According to Gallup CEO Jim Clifton, “The single biggest decision you make in your job—bigger than all the rest—is who you name manager.” And for good reason.
Managers today account for 70% of the variance in employee engagement, with good managers having the ability to improve morale, increase productivity, and improve performance. In addition, a well-trained manager knows how to mobilize their employees and leverage employee strengths to meet company goals.
It makes sense, then, that developing these great managers should be a top priority for every company. And one of the best tools for doing so may be an unexpected one: their corporate wellness program.
6 Wellness Challenges for Developing Managerial Skills
How does a manager usually come to be? In many cases, companies take individual contributors, promote them to management, and send them on their way.
If they’re lucky, these new managers might get a bit of management training, but rarely much more than that. Will they turn out to be great managers? Maybe, maybe not. What many companies don’t understand is that developing an effective leadership style and understanding how to manage a group of employees are learned skills—not behaviors that happen overnight.
Think of it like this: Becoming a great leader is not unlike becoming healthy. Managers must build one healthy managerial habit at a time. And as they improve their skills and become better at their jobs, they’ll see a cascading positive effect in the work environment.
Ready to start creating amazing leadership? Here are six of our wellness challenges that help companies foster more effective management.
1. Delegate 10
One thing that can be hard for managers to do is delegate tasks. Many managers tend to keep too many tasks on their own plate, thinking it’s easier to simply do it themselves rather than coach an employee through the project.
Encourage managers to find 10 tasks they can delegate to others on their team. Not only will it free the manager to focus on more important tasks, but it also creates opportunities for employees to learn a new skill, take on additional responsibilities, and increase their on-the-job satisfaction.
2. Walk Around
Too many managers spend their days locked in their offices or secluded in conference rooms, oblivious to what’s going on in the cubicles around them.
Managers should take at least 15 minutes out of their day to walk around the office to visit with employees and check in on how things are going. What are the employees’ workloads like? What challenges are they facing? Are they looking to take on new projects? Making regular check-ins can help address issues before they become problems.
3. Take It Outdoors
If an employee needs to schedule a one-on-one with a manager, see if it can turn into a walking meeting. Taking the time to get moving outdoors isn’t just good exercise, but it can also relax the environment of the meeting and make employees more receptive to coaching and feedback.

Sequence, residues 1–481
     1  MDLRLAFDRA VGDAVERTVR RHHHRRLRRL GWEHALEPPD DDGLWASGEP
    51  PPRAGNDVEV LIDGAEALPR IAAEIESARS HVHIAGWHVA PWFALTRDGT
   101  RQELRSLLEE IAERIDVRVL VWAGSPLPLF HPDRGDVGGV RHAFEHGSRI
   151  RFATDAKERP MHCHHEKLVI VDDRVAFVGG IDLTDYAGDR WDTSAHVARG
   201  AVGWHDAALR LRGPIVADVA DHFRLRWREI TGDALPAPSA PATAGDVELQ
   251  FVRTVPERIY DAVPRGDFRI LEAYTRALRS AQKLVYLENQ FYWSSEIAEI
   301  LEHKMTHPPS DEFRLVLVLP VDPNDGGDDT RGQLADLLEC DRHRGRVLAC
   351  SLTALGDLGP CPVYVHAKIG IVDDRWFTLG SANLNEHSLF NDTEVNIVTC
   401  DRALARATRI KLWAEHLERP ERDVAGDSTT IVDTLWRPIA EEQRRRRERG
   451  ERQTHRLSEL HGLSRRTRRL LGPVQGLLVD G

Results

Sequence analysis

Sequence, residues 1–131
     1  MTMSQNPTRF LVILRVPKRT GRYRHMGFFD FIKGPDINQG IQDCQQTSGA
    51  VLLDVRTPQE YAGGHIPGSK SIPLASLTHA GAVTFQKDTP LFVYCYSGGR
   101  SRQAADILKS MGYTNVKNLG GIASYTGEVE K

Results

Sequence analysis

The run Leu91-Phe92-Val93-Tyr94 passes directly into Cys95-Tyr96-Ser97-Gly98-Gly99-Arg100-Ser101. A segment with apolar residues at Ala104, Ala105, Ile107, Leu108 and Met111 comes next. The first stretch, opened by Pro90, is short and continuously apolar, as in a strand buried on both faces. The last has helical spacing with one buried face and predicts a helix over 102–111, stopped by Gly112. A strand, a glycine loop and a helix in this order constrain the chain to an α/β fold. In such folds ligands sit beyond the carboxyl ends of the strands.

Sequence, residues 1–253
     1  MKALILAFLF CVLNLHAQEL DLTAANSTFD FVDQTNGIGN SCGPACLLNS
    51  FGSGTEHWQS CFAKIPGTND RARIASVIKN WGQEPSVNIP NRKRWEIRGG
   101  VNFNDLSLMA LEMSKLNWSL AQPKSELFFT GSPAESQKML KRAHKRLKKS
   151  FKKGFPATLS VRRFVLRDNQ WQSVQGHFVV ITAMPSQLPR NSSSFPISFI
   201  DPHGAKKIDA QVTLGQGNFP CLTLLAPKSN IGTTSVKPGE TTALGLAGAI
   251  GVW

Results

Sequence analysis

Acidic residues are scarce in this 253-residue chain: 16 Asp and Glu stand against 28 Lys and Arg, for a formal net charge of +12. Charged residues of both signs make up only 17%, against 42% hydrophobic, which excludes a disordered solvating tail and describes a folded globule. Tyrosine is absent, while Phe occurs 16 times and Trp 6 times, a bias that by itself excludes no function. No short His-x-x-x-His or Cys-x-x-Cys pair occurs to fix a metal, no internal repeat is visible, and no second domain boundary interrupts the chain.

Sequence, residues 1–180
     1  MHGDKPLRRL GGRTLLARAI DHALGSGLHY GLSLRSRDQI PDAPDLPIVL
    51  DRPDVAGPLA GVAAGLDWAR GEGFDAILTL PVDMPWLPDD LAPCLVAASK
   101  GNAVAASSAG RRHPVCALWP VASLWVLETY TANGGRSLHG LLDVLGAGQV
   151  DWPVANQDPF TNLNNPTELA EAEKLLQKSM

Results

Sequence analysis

Six Elements of Great Leadership
- Purpose—leaders thrive when they have a sense of purpose.
- Communication— everything runs more smoothly when people communicate with each other.
- Mastery—we all want to get better, and when we do, we’re happier at work.
- Collaboration—working with others is more satisfying and creates better results.
- Environment—the workplace’s physical and procedural structures set the tone for doing business.
- Relationships—social interaction is critical to health and emotional well-being.
4. Supporting Pillar
In this challenge, managers are encouraged to ask five people how the manager can best support them in the next 30 days. Ask questions like, “What can I do to help you do your job better?” Or “How can I make your life a little easier?”
Chances are, employees won’t approach managers with these kinds of requests on their own, so making the offer is a simple way to get some useful information while also showing employees they’re appreciated and valued.
5. Vital Statistics
Get feedback from employees by surveying larger groups about a range of topics, like how meetings are run, what could improve the work employees do, or what changes they’d like to see in the workplace. Not only will managers gain useful insights to help them improve the business, but they’ll also get hard data that can be used in the future to support other efforts.
6. Drill Down
What do employees actually do on a day-to-day basis? Learn more about what three of your employees do in their jobs by shadowing them as they perform their daily tasks. Might it be a little bit awkward? Maybe. But learning more about employees’ roles can give managers a broader view of their processes, learn how their decisions affect their team, and find ways to make tasks easier and more productive.
97 Other Ways to Build Manager Wellness
Your company’s wellness program can do far more than improve your employees’ emotional and physical health and well-being. It can also help your managers become better leaders and your employees become more effective, dedicated workers.
Encourage your managers to start implementing any of the 103 challenges for manager-led wellness today. By doing so, they can build the management skills and employee trust that will improve the wellness of the entire organization.
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